Monticello City Council approves a zone change and hears a season-ending report from the Hideout Golf Course

The Monticello City Council received season-ending reports from the Hideout Golf Club and approved a zone change on the south end of town for a proposed high-security storage unit at their latest meeting.

A public hearing was held in response to a request to change zoning for land located on the southeast side of town at the November 9 meeting of the Monticello City Council.

The land, located near the intersection of 400 South and 100 East, is set to be sold to a group who intends to build secure, climate-controlled storage units on the site.

City Manager Evan Bolt said the change would make the land revenue-producing for the city, while boosting sales tax and creating some jobs. The proposed business would be staffed.

The land is also near several other commercial parcels. Bolt says other future plans for additional residential land in the city means he’s not overly concerned that this zone change would deplete housing.

Chris Orvin is the party interested in purchasing the property. Orvin, who also recently bought the Old West RV Park, explained he is in contact with a custom storage unit manufacturer in Missouri.

“All of that is in the works right now, but the proposed amount submitted to our bank is 270 units,” said Orvin. “They’re going to be ranging from $30 to $90 a month. They’re going to be from 5x10 up to 10x20.”

The facility will be fenced, with monitored cameras installed as well. Orvin reports they are pre-approved for their bank, with the zone change being the outstanding issue holding up the project.

The exact size of the facility is not finalized, and questions about possible boat and RV storage, as well as reports from a civil engineer, may change the size of the proposed facility.

The property owner of the larger of the two parcels inherited it a few years ago. She says while she’s been trying to clean up a mess left by a former owner, she is happy to report that Orvin will finish the clean-up once the property is sold.

The city council approved the zone change unanimously.

At the meeting, the council also heard a report from Hideout Golf Pro Jeff Simon, who has just completed his first season as pro in Monticello.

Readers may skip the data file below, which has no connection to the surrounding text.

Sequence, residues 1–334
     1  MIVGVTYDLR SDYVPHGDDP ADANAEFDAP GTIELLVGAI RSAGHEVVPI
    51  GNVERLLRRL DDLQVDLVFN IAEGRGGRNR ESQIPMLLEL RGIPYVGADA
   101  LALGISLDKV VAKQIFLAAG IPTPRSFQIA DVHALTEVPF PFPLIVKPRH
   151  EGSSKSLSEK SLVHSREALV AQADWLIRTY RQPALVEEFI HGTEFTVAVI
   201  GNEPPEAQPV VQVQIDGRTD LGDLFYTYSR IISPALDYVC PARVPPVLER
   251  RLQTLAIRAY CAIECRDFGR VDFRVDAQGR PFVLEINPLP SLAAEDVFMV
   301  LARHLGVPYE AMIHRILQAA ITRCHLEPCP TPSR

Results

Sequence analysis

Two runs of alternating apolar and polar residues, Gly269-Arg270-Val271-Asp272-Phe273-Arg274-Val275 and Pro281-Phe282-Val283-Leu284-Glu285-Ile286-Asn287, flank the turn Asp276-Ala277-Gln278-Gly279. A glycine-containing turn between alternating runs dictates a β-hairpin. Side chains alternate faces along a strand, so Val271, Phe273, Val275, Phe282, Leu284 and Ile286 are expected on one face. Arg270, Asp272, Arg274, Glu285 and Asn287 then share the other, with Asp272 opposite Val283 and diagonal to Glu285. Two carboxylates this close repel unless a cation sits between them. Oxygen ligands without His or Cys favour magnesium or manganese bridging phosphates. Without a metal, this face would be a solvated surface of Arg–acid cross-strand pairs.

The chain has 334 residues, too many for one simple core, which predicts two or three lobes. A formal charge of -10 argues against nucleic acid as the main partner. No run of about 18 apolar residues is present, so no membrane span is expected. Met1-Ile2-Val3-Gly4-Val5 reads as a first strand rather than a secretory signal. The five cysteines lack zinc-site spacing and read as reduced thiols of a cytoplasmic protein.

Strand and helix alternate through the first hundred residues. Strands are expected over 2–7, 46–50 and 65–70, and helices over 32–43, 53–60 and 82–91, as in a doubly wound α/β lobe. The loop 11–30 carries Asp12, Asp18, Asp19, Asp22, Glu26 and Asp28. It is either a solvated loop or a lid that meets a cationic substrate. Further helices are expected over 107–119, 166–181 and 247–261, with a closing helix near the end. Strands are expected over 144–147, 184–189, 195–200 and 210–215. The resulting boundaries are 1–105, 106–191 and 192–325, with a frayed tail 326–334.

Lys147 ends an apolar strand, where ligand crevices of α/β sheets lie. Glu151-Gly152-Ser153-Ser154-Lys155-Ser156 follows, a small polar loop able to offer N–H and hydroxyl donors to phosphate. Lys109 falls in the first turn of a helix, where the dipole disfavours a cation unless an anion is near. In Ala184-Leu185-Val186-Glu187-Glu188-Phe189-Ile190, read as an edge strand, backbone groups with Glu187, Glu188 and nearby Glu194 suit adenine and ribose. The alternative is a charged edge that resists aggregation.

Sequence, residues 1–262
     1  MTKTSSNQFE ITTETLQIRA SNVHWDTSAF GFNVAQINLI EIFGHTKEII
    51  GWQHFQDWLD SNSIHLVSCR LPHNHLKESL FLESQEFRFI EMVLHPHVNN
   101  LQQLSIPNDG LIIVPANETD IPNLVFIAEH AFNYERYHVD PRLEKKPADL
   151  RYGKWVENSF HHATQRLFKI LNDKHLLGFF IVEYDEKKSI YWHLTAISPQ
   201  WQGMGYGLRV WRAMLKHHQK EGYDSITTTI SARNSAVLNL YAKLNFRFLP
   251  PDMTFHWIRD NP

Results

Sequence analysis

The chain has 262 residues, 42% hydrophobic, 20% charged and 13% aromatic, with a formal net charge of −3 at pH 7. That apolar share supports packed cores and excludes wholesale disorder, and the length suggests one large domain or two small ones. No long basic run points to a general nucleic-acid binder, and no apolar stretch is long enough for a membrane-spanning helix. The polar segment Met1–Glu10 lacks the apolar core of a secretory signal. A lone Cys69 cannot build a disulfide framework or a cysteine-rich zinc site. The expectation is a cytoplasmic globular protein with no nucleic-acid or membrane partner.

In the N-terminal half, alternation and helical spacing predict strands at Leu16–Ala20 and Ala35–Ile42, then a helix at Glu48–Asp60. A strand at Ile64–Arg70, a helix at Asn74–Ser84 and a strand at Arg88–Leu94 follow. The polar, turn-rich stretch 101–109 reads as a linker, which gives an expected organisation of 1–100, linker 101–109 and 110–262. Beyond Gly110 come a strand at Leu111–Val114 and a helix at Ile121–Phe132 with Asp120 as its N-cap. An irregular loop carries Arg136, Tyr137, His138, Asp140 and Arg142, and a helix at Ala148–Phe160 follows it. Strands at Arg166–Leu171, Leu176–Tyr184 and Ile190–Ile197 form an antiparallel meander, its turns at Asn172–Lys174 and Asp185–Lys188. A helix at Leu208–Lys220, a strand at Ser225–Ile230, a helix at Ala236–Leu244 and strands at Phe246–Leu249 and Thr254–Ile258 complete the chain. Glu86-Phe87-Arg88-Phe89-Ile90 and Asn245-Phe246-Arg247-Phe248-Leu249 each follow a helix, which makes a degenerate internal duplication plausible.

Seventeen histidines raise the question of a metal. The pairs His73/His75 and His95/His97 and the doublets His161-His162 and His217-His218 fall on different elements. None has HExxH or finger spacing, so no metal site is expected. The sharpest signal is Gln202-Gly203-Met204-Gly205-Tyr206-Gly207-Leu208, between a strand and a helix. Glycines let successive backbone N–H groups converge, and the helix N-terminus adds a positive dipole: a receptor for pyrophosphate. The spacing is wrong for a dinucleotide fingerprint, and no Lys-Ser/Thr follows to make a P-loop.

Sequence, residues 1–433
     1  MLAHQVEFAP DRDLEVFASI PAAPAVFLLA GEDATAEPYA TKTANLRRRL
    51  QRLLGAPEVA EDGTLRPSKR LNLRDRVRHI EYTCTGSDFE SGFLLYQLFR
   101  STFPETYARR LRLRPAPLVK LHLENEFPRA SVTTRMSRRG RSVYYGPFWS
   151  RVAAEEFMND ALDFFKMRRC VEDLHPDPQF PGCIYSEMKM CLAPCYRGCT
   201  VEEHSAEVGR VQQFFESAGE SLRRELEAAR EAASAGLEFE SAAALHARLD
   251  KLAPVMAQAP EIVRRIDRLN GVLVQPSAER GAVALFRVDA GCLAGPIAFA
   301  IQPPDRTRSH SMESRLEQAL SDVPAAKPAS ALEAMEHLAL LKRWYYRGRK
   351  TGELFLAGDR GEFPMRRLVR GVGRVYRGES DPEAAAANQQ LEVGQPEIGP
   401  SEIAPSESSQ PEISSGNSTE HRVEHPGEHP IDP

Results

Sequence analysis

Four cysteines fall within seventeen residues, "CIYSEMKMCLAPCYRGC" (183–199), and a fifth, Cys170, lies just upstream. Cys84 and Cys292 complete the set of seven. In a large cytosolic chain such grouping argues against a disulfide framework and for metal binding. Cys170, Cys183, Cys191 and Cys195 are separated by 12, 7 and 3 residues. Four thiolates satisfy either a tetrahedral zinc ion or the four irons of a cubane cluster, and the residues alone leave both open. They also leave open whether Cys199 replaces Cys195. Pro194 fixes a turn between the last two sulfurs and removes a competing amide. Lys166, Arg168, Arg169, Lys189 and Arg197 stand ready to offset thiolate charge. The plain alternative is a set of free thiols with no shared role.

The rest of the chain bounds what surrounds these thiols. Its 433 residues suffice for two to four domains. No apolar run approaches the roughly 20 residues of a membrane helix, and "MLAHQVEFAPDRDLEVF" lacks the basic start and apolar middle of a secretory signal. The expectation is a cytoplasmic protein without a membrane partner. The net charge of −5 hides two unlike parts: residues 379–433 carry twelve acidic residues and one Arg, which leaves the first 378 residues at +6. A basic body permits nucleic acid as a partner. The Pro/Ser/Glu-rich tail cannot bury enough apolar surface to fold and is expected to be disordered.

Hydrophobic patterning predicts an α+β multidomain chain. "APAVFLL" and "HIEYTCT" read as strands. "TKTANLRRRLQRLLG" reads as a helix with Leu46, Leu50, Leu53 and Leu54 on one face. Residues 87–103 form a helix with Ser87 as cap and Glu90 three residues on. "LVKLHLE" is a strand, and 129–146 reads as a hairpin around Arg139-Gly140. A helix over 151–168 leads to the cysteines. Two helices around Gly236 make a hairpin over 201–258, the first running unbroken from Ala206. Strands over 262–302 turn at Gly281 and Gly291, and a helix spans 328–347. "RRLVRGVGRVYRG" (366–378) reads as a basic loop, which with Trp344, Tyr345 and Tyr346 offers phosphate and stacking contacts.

Simon reports that revenue is up seven percent from last year, which was itself a record-breaking year.

“Golf worldwide has gone in that direction because of Covid,” said Simon. “We’ve been waiting for when it’s going to slow down and it hasn’t and I think the numbers say we can keep going and doing better.”

Simon says green fees across the nation have been golfer friendly for the past few years. Simon says he’d like to see an increase in the fees but still find a way not to hurt local golfers.

His suggestion is a Hideout card, something that locals could buy for around $50 that would get them a free round and a lower rate for the season.

Simon also reports that 134 season passes were sold, with good turnout at junior clinics. Simon says they plan to do more junior and ladies clinics next season.

Simon also recommended more signage for the course, pointing out that there is one sign advertising the course for drivers coming from Colorado. He often sees people turn around on the highway to come golf after noticing the sign near the course.

Simon also notes that next season will be the 20th year anniversary of the Hideout. They hope to celebrate the occasion with events, including possibly inviting the course designer back for a tournament.

“We’re working on a 20th anniversary logo for shirts and stuff like that to celebrate it,” said Simon. “I think we need to celebrate it, it’s a big deal.”

At the meeting first-year Hideout Course Superintendent Caleb Bailey also gave a brief presentation. Council and staff noted that the course improved throughout the year and they look forward to what Bailey can do with a full season. 

Bailey added that his work at courses in Utah County and at Real Salt Lake were part of a path to bring him back home to Monticello.

“This golf course is where I wanted to be in my career,” said Bailey, “so I tried to put myself in a position where I could eventually... come back.”

At the meeting, the council also received a report from Kate Goble, who chairs the city volunteer recreation committee.

Goble reports the volunteer group has met monthly since May, while also helping get word out about youth recreation programs.

The group sponsored a float in the Pioneer Day parade and held a corn hole tournament that raised $400 for the recreation department. During the county fair, they also raised $120 selling glow sticks to children and encouraging families to sign up for youth soccer.

The group has been involved in fielding parents questions and helping to organize coach volunteers.

Goble says they plan to put out a survey at the first of the year to solicit feedback for the department.

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